In summation, Thome has hit a ton of homers and drawn a ton of walks, but he hasn't been extraordinary at scoring runs or driving them in, and to get into the Hall of Fame, you either have to be exceptional at one or the other.Which is certainly a shame. Olney is right in that he thinks Thome's raw totals will eventually be enough to land him in Cooperstown, but it's sad that the discussion even needs to be had. But then again, this is the same august body that still hasn't figured out that the best all-around third baseman on the planet during the 1960s belongs in the Hall.
*Yes, Thome really did say this to a local television sports reporter back during the Indians' halcyon days of the mid-to-late 90s. I wish I had it on tape.
Now the commies are at it again, so you know what's coming next.
He [Mike McConnell] is trying to hold the line against what some, mainly Democrats, see as excesses in the new Protect America Act, but also is pressing to strengthen it. Congress hastily adopted the measure last August based on McConnell's warnings of a dire gap in U.S. intelligence."When I say "boo!" you say 'who should I be scared of today, sir!'"
The Protect America Act allows the government to eavesdrop, without a court order, on all communications conducted by a person reasonably believed to be outside the United States, even if an American is on one end of the conversation."Unka Dick, this guy's in Walla Walla. Sounds kinda furrin'. That's not 'murka, is it?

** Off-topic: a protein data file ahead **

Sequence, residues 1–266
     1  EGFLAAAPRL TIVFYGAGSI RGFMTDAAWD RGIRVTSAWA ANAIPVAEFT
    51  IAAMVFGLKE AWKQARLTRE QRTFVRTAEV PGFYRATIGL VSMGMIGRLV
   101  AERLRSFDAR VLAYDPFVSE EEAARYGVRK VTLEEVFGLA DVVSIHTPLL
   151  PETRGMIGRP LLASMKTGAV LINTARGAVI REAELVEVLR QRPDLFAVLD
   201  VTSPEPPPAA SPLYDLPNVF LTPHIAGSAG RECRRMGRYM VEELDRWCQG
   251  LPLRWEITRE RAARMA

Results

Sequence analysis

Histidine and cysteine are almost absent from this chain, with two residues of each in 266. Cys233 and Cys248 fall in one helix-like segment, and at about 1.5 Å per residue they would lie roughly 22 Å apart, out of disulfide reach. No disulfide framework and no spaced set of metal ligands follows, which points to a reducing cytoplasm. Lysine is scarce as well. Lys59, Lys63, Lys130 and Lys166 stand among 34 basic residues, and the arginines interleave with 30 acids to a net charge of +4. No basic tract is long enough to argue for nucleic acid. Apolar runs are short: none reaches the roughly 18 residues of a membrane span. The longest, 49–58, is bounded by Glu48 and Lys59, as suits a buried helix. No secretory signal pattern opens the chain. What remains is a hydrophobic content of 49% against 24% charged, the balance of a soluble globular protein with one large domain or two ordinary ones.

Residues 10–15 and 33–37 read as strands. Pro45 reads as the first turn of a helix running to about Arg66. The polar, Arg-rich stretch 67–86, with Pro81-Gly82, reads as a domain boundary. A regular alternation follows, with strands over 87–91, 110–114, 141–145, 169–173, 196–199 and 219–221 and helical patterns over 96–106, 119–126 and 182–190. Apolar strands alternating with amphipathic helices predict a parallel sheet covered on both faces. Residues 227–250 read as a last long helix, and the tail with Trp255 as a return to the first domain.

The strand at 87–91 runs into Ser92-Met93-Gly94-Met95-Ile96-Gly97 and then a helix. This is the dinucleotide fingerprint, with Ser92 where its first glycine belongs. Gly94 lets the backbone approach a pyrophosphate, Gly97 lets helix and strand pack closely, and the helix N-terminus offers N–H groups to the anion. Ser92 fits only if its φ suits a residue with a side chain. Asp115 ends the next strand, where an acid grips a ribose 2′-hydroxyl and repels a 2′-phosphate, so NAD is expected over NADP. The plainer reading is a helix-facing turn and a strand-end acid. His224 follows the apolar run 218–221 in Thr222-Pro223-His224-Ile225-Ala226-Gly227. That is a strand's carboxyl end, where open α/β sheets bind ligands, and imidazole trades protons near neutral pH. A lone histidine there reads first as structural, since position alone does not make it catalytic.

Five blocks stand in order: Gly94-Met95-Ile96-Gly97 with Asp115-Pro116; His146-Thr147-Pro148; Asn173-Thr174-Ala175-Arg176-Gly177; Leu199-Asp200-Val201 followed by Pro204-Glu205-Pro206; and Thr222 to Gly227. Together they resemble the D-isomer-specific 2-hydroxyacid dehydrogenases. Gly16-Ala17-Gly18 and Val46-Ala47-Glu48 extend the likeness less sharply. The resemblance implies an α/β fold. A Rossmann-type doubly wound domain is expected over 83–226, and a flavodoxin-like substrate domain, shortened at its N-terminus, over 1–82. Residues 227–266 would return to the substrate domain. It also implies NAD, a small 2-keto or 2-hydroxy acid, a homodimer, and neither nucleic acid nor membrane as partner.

"No, George, it's not. Nor is this guy in New York. Which is in England."
"It's sad what they did to Tony."
"Yes, it is, George."
Monday, September 17, 2007
The Good: Otto Graham. Frank Ryan. Brian Sipe. Bernie Kosar. Derek Anderson? As I've said to anyone who'll listen, we are accumulating some nice offensive talent (Kellen Winslow, Braylon Edwards, Joe Thomas, Eric Steinbach, solid veteran Joe Jurevicius), and Anderson does have a strong, if scattershot, arm, and Cincinnati does have a shitty defense but, WHAT THE FUCK? And when did Phil Savage invent a time machine to steal the 2003 version of Jamal Lewis? I completely expected the Bengals to do what they did, but for this group which looked historically abysmal last week to outperform these guys - well, just imagine the Republicans coming out against Bush en masse and joining the Democrats to end the war, enact universal health care and promote progressive taxation. And sticking to it.
The Bad: The defense still sucks, no matter how you slice it. The euphoria of the lightning-in-a-bottle performance of Anderson and Co. is the only thing keeping legions of talking heads from casting an endless stream of aspersions against this sad bunch. Since there's no way we're now the 21st century version of Air Coryell, I would hope the coaching staff spends a lot of time working on it. Try anything. New schemes, kidnapping Champ Bailey and Dwight Freeney, alchemy, invoking the dark lord Satan, sending opponents to black sites in Central Europe and Syria, whatever works.
The Ugly: Todd Grantham in tomorrow's team meeting. Marvin Lewis in tomorrow's team meeting. Cincinnati's supposedly sure-handed receivers dropping passes left and right in the fourth quarter. Oh, and the defenses. Ninety-six points, eleven touchdown passes, and over 1,000 combined yards of offense? What is this, Tecmo Super Bowl?
We just outscored the Bengals, the Texans are 2-0 while looking like a real NFL team, the Saints have gotten waxed twice and Joey Galloway continues to defy all known laws of aging in professional sports. It's early, but a drug-fueled Vegas trip is probably one of the few things more unpredictable than an NFL season.
Saturday, September 15, 2007